Just back from two weeks in New Mexico and in Arizona but never far from Missouri.
1. A few days in Phoenix and Tucson, nice, 80s, low humidity, a gentle breeze. We have a better appreciations for snowbirds now.
2. The Missouri Tourism agency is missing a bet by not promoting one of Missouri’s most prominent sights. Billboards. We drove through Oklahoma, Kansas, parts of Texas and Colorado, New Mexico, and Arizona. There was a distressing absence of billboards in all of those states. We saw mountains and plains and deserts and corn and cotton and sorghum fields and pecan trees. If there was an adult toys store close to the highway, we saw it. If there was a car dealer on a nearby access road, we saw it. No billboards were necessary for us to notice them. Highway signs at the exits told us if there was an Arby’s or a Super 8 or a Phillips 66 station nearby. The absence of billboards did not detract from our trip. But we knew we were back in Missouri as soon as we crossed the state line. Billboards. And it’s time we made them an attraction. Nebraska has sandhill cranes. Minnesota has its lakes. Illinois has Abraham Lincoln. Kentucky has horses grazing in pleasant pastures. Kansas has the Flint Hills. It’s time Missouri started inviting people from billboard-deprived states to come here to see what billboards are like and what an exciting element they provide to the travelers’ experience. It surely is to our advantage to promote the idea that billboards might be endangered species in many or most other states. But Missouri is a haven where they can flourish and even multiply. We knew we were getting close to our home after three-thousand miles of driving and seeing the word “Passions” along the roadside ahead of us.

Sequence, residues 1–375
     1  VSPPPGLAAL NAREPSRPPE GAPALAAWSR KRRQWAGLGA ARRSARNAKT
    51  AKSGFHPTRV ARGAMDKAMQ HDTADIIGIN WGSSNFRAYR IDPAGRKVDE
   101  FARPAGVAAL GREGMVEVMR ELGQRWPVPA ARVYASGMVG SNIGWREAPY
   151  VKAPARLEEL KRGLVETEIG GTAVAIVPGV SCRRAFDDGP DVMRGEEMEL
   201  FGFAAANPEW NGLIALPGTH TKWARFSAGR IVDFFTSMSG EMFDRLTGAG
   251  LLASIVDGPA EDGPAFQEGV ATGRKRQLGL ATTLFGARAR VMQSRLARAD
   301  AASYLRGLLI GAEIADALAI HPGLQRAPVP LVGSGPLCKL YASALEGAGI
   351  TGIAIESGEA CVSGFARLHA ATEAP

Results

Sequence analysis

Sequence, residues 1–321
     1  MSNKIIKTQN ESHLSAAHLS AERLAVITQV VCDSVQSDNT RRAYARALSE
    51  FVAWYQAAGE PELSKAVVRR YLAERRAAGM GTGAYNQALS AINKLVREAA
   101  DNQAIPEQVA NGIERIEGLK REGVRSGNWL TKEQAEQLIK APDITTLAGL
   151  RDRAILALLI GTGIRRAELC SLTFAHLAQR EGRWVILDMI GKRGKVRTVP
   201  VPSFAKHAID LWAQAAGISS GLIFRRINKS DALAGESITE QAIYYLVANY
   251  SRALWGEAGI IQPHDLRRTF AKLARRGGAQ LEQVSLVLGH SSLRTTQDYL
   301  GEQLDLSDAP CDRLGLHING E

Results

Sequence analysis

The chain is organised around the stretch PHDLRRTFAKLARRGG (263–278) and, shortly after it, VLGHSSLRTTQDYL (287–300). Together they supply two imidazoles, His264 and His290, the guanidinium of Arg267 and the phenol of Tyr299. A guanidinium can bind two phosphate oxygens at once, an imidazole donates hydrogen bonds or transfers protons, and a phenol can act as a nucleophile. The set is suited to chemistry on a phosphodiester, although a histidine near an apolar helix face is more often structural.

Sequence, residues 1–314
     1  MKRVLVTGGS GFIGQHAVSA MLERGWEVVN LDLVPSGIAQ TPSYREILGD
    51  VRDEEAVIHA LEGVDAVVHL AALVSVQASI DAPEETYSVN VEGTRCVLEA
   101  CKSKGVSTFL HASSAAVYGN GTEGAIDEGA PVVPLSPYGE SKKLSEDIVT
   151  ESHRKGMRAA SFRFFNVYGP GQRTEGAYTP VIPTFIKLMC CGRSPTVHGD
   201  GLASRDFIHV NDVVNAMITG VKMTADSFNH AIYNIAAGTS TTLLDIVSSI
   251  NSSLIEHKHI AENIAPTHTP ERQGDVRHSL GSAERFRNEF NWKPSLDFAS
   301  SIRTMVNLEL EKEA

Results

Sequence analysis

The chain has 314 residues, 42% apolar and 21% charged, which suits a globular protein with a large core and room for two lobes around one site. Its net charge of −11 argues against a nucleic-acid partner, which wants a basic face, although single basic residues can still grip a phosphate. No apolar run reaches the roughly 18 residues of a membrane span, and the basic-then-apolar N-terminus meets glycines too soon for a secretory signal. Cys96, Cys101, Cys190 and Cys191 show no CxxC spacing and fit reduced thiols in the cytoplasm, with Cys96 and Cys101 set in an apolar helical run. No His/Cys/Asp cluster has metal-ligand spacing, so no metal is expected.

Through much of the trip, the words of the great American poet Ogden Nash echoed in my head:
I think that I shall never see
A billboard lovely as a tree.
Perhaps unless the billboards fall,
I’ll never see a a tree at all.
Perhaps the legislature should pass a bill designating the billboard as Missouri’s officials state eyesore. Or it could designate Ogden Nash our honorary poet laureate.
Getting back on track:
3. We saw numerous non-billboard signs discouraging motorists from texting and driving—as we drove along looking at a screen in the middle of our dashboard that told us what radio station or satellite program we were watching, or what time it was, or what our gas mileage was, or—well, you get the idea.
4. A Saguaro Cactus is one of nature’s most impressive creatures.
5. Albuquerque has a great dinosaur exhibit in its science museum.
6. Driving in Arizona while listening to Mike Kelly tell us a University of Missouri football player was taking “it” to “the house” was pretty neat. We asked Mike several years ago to describe this “house” to us–how many rooms? Big porch? Nice yard? One story or two? He snorted and changed the subject.
7. Biosphere2 in Scottsdale is uninhabited but still interesting because of ongoing research there.
8. The Musical Instrument Museum in Phoenix is one the darndest places we’ve been in. Not many museums serve lamb at the lunch counter.
9. Watching hawks dive THROUGH the audience in the Sonora Desert Museum is an incredible experience.
10. Kansas isn’t so bad, or most of it isn’t.
11. Tombstone is kinda fun. Pretty touristy. But the buffalo burger at the O.K. Restaurant was something above O.K.
12. And the pink jeep that took us on a three-hour tour of the red rock country around Sedona had O.S. handles that were definitely needed. And appropriately named.
Maybe the legislature can pass a bill designating “O.S.” as the official state reaction to the state’s official eyesore.
It’s terrible to be unable to escape thoughts of Missouri politics even when among the majesty of mountains and deserts.